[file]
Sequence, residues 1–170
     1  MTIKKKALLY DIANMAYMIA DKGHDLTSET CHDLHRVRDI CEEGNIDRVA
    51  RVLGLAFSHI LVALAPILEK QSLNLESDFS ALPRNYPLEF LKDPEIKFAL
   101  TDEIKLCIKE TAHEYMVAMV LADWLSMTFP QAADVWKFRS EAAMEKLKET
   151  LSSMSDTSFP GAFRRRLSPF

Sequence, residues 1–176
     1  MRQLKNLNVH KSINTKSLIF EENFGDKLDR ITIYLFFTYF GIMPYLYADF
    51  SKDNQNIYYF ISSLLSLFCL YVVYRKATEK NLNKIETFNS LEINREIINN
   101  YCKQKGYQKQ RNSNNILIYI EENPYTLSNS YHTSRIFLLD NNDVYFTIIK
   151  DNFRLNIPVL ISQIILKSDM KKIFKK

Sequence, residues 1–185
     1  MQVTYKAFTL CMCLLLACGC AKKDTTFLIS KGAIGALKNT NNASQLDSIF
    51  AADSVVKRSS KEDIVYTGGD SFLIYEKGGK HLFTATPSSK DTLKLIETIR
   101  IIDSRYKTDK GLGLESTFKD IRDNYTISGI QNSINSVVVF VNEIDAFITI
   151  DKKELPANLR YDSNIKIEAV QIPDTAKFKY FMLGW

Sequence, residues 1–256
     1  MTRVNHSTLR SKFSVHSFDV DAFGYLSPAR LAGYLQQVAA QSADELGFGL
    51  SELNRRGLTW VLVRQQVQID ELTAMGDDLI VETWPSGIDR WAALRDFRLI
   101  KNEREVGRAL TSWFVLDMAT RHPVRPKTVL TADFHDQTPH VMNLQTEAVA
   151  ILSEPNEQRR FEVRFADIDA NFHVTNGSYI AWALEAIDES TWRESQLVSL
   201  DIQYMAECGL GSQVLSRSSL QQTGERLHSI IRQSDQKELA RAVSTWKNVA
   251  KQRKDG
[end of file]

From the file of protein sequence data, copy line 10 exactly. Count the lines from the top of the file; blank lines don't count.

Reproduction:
   151  DNFRLNIPVL ISQIILKSDM KKIFKK